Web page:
The world would have given its acclaim to any climber who was first on the summit of the world’s highest mountain, but for Tenzing Norgay there was a special glory in this achievement. Over a period of nearly twenty years, he had made himself a part of every expedition that set out to put a man on the top of Mt. Everest. He had climbed as a lowly porter and as a respected member of the climbing team. He had accompanied large, confident armies (such as the 1936 and 1953 British Everest Expeditions) on their way to the summit, but he had also gone to the mountain with a solitary climber, Earl Denman, in 1947, on the chance that even this might give him an opportunity to get to the top. By 1953, he had probably spent more time on Mt. Everest than any other human being – and had come closer to its summit. Only months before his successful climb with Edmund Hillary, he and Raymond Lambert of the 1952 Swiss expedition, had come within 1,000 feet of the summit — the highest point that anyone had reached until then.
Unlike most of his fellow Sherpas of the time for whom, by and large, climbing was just a challenging way of making a living, Tenzing desperately wanted to get to the summit of Mt. Everest and devoted most of his life to this goal. “For in my heart,” he once said, “I needed to go . . . the pull of Everest was stronger for me than any force on earth.” If there was ever anyone who deserved to get there first, it was Tenzing.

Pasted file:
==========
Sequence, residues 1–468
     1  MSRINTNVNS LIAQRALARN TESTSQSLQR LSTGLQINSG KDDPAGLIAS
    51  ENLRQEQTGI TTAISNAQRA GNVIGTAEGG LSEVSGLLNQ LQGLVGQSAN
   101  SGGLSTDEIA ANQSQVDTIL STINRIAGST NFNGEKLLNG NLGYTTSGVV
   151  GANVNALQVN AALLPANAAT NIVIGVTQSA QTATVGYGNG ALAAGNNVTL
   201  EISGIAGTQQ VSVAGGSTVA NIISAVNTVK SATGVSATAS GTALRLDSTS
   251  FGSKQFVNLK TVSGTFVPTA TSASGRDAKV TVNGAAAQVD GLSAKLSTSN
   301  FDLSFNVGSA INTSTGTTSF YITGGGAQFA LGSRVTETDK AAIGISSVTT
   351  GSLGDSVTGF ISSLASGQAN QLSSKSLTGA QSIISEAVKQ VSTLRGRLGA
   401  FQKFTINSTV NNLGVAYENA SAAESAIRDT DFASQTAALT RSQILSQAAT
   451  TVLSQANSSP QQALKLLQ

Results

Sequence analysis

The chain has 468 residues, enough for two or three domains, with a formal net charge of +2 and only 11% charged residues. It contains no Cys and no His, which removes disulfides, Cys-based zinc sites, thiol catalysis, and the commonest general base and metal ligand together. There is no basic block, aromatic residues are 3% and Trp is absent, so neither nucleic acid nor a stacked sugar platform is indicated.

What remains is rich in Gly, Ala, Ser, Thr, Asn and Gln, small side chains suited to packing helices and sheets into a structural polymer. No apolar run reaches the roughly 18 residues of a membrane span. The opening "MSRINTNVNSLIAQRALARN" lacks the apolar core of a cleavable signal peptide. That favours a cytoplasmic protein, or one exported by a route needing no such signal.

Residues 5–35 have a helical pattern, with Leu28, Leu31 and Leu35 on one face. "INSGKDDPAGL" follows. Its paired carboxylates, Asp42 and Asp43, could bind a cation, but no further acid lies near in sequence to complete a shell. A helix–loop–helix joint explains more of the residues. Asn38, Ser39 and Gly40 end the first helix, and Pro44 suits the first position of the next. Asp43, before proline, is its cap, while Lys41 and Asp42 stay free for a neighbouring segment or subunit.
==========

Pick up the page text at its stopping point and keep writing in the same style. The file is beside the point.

Tenzing, whose name was changed by a high lama from Namgyal Wangdi to the name we know him by today (“Norgay” means “fortunate”), always believed himself to have a special luck and favor. He knew early in his life that his destiny lay beyond tending yaks in the high mountains, and by the time he was 13, had already made a secret trip to Kathmandu, Nepal’s big city.
Five years later, he moved (again without the permission of his parents) to Darjeeling in India, where he hoped to be able to join one of the British expeditions to Mt. Everest that were being organized there. Nepal at that time was closed to foreigners, which meant that all attempts on the mountain were from the north side. Starting with their first expedition in 1921, the British had drawn on Darjeeling’s large Sherpa population for help in getting to Everest as well as climbing it.
He received many honors and was feted, among others, by world leaders and heads of state. (The Nehru family came to visit him in Darjeeling, and there is a picture of them in his home — three generations that include one sitting prime minister and three future prime ministers.) He was invited everywhere and did much travelling. He became the first Field Director of the newly-established Himalayan Mountaineering Institute, a post that he held for 22 years. He named the large house in Darjeeling “Ghang La”, a family name with particular significance because of its association with his birth.
Tenzing died in 1986. The procession that followed his funeral bier was more than a kilometer long
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